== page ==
The quest for healthy hydration is riddled with uncertainties: Am I drinking enough water? Is this water better than that water?
And what about water temperature?
Is it better to drink water that’s room temperature? Steamy hot? Ice cold?
We want to make the most of the water we drink, so it’s natural to wonder if and how the temperature of water affects our body’s ability to utilize it. Comb through social media, and you’ll find proponents who swear by warm water, those who only drink ice-cold water, and those who promise room temperature water is the best way to go.
However, the science of water temperature as it relates to hydration is far less certain than these influencers would make it seem. Experts agree there’s not enough rigorously vetted evidence to support any one water temperature outperforming the others when it comes to our health.
What matters far more: you and your tastes and preferences.
Here’s a look at the research.
Is cold water healthier to drink?
Again, there’s not a lot of scientific evidence for or against the superiority of cold water when it comes to hydration. There is, however, solid research showing that cold water can help cool our bodies after intense, sweaty exercise.
“It turns out that sweating stops before fluid can completely be incorporated into the body,” gastroenterologist Brian Weiner told the Cleveland Clinic in a March 2022 interview. “There’s some kind of reflex that acknowledges liquid intake, and studies have shown that it kicks in more at the cold tap water level.”
Jill Blakeway, a licensed and board-certified doctor of acupuncture and Chinese medicine, agreed.
“Cold water is refreshing and cooling,” Blakeway said in an interview with Bustle. “It’s great on a hot day and a good choice after exercise."
However, cold water can have drawbacks. A 2001 study showed drinking cold water can cause headaches (brain freeze anyone?) and increase the likelihood of migraines.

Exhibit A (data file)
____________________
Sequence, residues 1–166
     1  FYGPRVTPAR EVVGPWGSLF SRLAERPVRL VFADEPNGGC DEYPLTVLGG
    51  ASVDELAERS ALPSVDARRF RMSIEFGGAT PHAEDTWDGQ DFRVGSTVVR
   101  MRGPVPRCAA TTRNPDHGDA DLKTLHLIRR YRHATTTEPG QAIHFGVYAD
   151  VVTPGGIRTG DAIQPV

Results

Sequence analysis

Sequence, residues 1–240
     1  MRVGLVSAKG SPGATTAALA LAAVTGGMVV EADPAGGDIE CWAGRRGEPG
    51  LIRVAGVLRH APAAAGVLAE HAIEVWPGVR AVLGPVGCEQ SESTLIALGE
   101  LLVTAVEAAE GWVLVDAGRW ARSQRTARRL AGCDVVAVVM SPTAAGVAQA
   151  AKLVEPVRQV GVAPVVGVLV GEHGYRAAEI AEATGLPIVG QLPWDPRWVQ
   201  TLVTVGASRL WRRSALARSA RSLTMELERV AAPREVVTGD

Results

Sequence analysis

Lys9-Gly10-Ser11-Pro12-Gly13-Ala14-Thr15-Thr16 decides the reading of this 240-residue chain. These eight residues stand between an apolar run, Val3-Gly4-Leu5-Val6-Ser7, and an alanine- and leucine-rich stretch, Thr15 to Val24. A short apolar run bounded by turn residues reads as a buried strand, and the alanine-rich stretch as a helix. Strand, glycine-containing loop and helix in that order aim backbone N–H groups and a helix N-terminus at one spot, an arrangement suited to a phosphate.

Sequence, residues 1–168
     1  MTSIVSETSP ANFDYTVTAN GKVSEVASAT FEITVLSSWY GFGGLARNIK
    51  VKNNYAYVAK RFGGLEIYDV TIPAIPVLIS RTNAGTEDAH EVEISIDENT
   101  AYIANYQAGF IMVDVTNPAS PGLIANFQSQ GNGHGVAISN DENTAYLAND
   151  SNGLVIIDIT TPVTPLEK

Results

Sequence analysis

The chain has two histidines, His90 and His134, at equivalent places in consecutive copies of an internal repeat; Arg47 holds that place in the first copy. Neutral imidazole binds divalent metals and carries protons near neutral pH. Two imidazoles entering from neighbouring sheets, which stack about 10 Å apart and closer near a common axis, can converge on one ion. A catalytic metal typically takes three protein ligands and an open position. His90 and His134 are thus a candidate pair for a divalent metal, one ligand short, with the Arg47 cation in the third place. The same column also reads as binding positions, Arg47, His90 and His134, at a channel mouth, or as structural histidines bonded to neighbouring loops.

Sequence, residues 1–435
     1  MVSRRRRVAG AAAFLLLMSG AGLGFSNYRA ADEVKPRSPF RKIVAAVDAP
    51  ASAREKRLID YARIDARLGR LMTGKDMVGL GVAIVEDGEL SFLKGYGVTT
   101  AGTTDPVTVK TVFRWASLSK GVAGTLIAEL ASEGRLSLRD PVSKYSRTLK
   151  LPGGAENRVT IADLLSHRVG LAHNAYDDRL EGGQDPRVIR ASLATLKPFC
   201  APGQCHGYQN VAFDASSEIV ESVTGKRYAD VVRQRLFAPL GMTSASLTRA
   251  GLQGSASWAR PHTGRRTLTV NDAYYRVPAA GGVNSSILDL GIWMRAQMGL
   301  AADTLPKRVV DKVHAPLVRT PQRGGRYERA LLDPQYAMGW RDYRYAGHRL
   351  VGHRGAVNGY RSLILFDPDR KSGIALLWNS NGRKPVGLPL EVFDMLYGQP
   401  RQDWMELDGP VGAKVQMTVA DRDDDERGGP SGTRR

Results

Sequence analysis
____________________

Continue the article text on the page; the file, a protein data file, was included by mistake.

Speaking of cold water, can ice water burn calories?
This is where Weiner has done the research. After becoming a devotee of Italian ices, the doctor came to realize the calorie counts on the packaging weren’t 100% accurate, since they failed to take into account the energy required for our bodies to melt the ice. This led Weiner to study exactly how many calories are burned by simply eating ice.
“I calculated it, and for every ounce of ice that you eat, it takes five calories to melt it and bring it up to body temperature,” Weiner told the Cleveland Clinic.
Whether that same ratio applies to ice-cold water is unclear. But ice water will help cool the body, while eating ice can boost calories burned.
In general, drinking water of any temperature has been associated with lower calorie intake throughout the day. A 2016 study published in the Journal of Human Nutrition and Dietetics concluded that, “Promoting plain water intake could be a useful public health strategy for reducing energy … consumption in U.S. adults.”
Is it healthy to drink hot or warm water?
The answer, once again, depends on what you mean by “healthy.”
For congestion, clogged sinuses, sore throats, coughing, runny noses and even sinus headaches, the steamy and soothing effects of drinking hot water have been shown to provide relief.
Hot water has also been associated with better digestion, although the scientific evidence to back this is somewhat lacking. A 2016 study showed drinking warm water can boost intestinal movement and help our bodies expel excess gas after laparoscopic gallbladder surgery.
Some believe hot water, especially when consumed on an empty stomach first thing in the morning, dilates blood vessels in the gut, helping to keep things in that area moving efficiently. Others theorize hot water dissolves the foods we eat, aiding in digestion by breaking down our bites more effectively.
And room temperature water, is that better for you?
As with hot water, room temperature water is also believed to aid in digestion. While cold water can cause blood vessels in the stomach and intestines to constrict, room temperature water has no such effect.
Drinking water at room temperature has also been shown to quench thirst more easily. While this may sound like a bonus, experts say to be wary of it. As registered dietician Vanessa Rissetto said in a 2019 interview, drinking lukewarm water “can be dangerous on days when your body is losing water through sweating … If you do opt to drink warm water, be aware that you may not feel thirsty as often as you should."
The bottom line: Drinking water at any temperature is great for your health
Regardless of temperature, the health benefits of drinking water are seemingly endless. Water consumed at any temperature can:
- Aid in digestion, especially when water is substituted for high-sugar beverages such as sodas
- Relieve constipation
- Boost central nervous system function and brain activity, and improve mood according to a 2019 study
- Improve metabolism and curb hunger
- Most importantly: keep us hydrated; our bodies need water for almost every function, making proper hydration crucial to our wellbeing
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